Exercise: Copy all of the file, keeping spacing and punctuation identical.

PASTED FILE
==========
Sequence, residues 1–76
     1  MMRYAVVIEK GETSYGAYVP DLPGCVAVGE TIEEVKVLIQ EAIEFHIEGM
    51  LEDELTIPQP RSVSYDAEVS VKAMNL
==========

Sequence, residues 1–76
     1  MMRYAVVIEK GETSYGAYVP DLPGCVAVGE TIEEVKVLIQ EAIEFHIEGM
    51  LEDELTIPQP RSVSYDAEVS VKAMNL